Intro arrow 7. Eye Movements arrow 7.2 Saccadic System
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7.2 The saccadic system

 The saccadic eye movement: The purpose of saccades is to move the eyes as quickly as possible, so that the point of interest will be centered on the fovea. They can be made not only towards visual targets, but also towards auditory or tactile stimuli, memorized objects…
Saccades are the fastest type of eye movement, reaching maximum velocities up to 500 degrees per second and are usually completed in tens of milliseconds. Despite their speed, saccade trajectories tend to be remarkably stereotyped both within and across individuals. The duration and peak velocity of saccades increase monotonically with amplitude of the movement in a consistent way which has been called the “main sequence”.
Saccade latency is defined as the delay encountered between the presentation of the stimulus and the onset of the saccade. Average latency for saccade is about 200 ms.
 Neuroanatomy of the saccadic system: The pontine and mesencephalic burst circuits provide the necessary motor signals to drive the muscles for saccades. However, eye movements are a component of the cognitive behavior of higher mammals and the decision when and where to make a saccade is usually make in the cerebral cortex when that saccade is important for visual behavior. The cortex ordinarily controls the saccadic system through the superior colliculus. The superior colliculus is a multilayered (7 layers) structure in the midbrain. It can be divided in two functional regions: the 3 superficial layers and the 4 intermediate and deep layers. The 3 superficial layers receive both direct input from the retina and a projection from striate cortex for the entire contralateral visual hemifield. Neurons of these layers answer to visual stimuli and retinotopically code the information about the contralateral visual field. In the intermediate and deep layers cell activity is primarily related to oculomotor actions, but also have multisensory responses. These cells receive visual information from prestriate, middle temporal, and parietal cortices and motor information from the frontal eye field. These layers also contain representations of the body surface and of the locations sound in space.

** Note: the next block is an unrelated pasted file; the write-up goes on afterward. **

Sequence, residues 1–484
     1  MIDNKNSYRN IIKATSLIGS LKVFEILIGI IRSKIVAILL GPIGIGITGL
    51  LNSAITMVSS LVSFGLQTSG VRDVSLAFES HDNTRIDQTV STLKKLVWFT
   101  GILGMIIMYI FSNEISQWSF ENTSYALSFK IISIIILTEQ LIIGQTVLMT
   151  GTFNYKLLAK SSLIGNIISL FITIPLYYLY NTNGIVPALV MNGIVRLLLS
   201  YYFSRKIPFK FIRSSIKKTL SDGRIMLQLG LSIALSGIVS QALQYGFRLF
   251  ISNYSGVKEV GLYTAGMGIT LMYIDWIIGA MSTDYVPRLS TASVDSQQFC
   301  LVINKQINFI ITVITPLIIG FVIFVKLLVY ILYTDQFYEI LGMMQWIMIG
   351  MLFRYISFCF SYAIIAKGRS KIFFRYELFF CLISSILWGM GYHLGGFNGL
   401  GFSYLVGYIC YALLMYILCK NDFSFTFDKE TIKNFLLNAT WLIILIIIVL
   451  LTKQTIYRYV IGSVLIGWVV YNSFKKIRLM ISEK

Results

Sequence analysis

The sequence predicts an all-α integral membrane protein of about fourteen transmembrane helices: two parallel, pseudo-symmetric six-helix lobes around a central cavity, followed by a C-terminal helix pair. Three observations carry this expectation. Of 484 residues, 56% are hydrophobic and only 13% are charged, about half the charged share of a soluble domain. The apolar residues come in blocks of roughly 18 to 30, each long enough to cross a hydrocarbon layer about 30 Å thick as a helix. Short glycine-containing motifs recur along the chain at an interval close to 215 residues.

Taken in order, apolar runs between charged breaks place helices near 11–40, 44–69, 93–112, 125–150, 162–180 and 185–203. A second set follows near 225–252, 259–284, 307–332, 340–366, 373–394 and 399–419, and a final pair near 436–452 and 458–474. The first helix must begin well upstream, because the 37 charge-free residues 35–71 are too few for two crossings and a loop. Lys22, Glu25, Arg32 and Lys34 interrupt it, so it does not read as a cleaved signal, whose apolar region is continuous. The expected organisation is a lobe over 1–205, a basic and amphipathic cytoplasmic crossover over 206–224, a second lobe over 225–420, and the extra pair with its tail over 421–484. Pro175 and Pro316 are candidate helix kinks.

The substantia nigra pars reticulata sends a powerful inhibitory projection to the superior colliculus, which must be suppressed before the superior colliculus can drive a saccade.
 
 
 

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